Bigfoot in the Bronx is another rip-roaring creature feature by the king of cryptid fiction, Hunter Shea. Released in March by Severed Press, Bigfoot in the Bronx takes the concept of the 1987 film Harry and the Hendersons to the next manic level, although the story has a closer kinship with King Kong.
Friends since childhood, Shay and Vito head to the Catskills for their annual deer hunt. The men are struggling financially and feel the pressure of bagging a deer to help feed their families.
When they witness a Bigfoot kill a deer and then drop to the ground apparently dead, Shay’s financial desperation overtakes his common sense. “We have proof of Bigfoot right in front of us. We’re going to be rich!”
The men load the Bigfoot’s body in their truck and store it in a shed in Shay’s backyard. Of course, Bigfoot isn’t dead; it was merely incapacitated by tranquilizer darts from a hidden shooter.
Bigfoot wakes up inside Shay’s shed and goes on a rampage that starts in a cemetery and spills over onto playgrounds, golf courses, subway cars, and the Bronx streets. Add in the day of the year – it’s Halloween – and the confusion escalates as Bigfoot is often mistaken for a man in a costume.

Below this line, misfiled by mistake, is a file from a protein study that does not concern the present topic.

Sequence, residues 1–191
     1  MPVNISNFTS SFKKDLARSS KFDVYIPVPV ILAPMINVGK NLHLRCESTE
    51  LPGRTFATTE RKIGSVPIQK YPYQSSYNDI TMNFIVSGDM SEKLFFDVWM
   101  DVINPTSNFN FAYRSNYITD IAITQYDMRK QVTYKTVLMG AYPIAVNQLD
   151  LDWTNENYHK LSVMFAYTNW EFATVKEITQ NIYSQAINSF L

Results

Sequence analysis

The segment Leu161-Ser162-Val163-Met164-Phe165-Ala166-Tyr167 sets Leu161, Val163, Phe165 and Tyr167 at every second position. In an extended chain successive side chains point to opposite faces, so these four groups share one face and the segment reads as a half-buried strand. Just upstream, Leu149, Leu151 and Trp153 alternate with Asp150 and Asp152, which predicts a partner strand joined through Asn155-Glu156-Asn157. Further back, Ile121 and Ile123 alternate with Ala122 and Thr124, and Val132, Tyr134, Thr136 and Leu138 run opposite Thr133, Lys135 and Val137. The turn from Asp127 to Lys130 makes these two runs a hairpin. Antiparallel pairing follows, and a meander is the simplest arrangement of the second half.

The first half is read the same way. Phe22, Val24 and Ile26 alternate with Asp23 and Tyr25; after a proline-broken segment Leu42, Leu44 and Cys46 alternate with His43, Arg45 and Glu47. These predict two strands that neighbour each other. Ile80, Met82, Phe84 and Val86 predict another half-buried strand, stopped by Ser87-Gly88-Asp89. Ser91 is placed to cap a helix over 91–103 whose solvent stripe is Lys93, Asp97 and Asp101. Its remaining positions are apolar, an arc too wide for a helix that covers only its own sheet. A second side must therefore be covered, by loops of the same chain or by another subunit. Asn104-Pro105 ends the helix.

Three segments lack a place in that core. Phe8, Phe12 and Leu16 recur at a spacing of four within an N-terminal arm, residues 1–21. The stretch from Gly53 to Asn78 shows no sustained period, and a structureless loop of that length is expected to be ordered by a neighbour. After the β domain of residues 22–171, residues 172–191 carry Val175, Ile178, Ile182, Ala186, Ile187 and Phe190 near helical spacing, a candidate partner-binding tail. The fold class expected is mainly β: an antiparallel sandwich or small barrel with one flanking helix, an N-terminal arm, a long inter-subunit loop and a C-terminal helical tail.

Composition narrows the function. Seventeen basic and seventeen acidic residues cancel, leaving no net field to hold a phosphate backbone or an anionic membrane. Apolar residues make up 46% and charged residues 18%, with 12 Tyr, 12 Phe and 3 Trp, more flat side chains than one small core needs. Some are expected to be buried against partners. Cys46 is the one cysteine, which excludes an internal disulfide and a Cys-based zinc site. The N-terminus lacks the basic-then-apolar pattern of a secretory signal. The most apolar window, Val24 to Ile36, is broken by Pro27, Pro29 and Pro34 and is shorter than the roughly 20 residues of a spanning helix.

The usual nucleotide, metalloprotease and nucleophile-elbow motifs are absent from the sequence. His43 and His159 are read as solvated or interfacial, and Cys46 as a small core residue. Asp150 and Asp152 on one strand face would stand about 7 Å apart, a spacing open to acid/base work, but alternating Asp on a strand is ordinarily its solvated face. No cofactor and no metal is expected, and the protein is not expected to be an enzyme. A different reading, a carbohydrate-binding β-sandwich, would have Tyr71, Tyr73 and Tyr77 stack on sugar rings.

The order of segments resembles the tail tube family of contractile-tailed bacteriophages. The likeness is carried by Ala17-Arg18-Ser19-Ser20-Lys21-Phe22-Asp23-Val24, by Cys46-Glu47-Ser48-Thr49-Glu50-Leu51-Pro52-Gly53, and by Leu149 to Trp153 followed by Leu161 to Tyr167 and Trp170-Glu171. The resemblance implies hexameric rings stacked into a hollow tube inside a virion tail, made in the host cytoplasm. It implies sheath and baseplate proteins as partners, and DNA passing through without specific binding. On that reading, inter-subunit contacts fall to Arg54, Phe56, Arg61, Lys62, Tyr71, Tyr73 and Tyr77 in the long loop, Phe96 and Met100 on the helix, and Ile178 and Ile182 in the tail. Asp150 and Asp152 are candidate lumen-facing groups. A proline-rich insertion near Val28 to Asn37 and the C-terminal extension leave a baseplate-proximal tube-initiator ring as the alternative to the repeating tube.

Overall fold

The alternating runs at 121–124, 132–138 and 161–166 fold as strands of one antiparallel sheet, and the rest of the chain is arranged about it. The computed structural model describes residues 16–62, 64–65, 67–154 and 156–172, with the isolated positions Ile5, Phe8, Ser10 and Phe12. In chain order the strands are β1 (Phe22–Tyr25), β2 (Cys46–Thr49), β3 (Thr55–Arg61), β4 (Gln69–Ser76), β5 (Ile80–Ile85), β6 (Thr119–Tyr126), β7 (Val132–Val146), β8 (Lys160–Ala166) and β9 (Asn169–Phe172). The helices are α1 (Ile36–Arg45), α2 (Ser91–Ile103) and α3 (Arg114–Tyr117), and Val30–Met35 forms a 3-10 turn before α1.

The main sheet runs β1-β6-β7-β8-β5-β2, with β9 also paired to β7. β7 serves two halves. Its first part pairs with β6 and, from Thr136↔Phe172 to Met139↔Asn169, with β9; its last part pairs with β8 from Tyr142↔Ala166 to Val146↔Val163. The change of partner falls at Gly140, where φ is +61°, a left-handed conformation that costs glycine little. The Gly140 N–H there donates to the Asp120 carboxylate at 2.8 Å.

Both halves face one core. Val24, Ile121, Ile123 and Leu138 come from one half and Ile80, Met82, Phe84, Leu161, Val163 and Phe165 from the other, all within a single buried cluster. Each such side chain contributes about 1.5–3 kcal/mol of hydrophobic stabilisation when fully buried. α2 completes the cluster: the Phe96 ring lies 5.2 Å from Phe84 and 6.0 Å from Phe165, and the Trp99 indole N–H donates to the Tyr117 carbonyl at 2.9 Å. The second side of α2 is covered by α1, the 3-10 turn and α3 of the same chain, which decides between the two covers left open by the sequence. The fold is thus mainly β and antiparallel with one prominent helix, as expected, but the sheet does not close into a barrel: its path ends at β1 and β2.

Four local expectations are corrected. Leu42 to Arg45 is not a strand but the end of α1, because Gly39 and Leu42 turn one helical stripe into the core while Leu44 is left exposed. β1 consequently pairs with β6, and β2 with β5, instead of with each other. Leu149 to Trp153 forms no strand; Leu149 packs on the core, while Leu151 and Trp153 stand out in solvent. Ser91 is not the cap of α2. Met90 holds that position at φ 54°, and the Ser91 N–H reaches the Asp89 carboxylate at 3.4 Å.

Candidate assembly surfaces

Shay and Vito feel responsible for introducing the monster into civilization, and their deer hunt transforms into a Bigfoot hunt. At one point, the men dress up as Elmer Fudd and Bugs Bunny to justify carrying guns in public. Yeah, it that’s kind of crazy adventure.
Amidst the chaos and destruction, Shea includes some unexpectedly heartfelt scenes, much like Peter Jackson did in his 2005 film adaptation of King Kong. I felt Shea was rooting for his Bigfoot from the get-go.
While Shay and Vito are not the most likable duo to headline a creature feature, they grew on me by the end because of their empathy and familial motivation. Ultimately, though, Bigfoot in the Bronx is pure madness and mayhem that would make a perfect Saturday night movie on Syfy.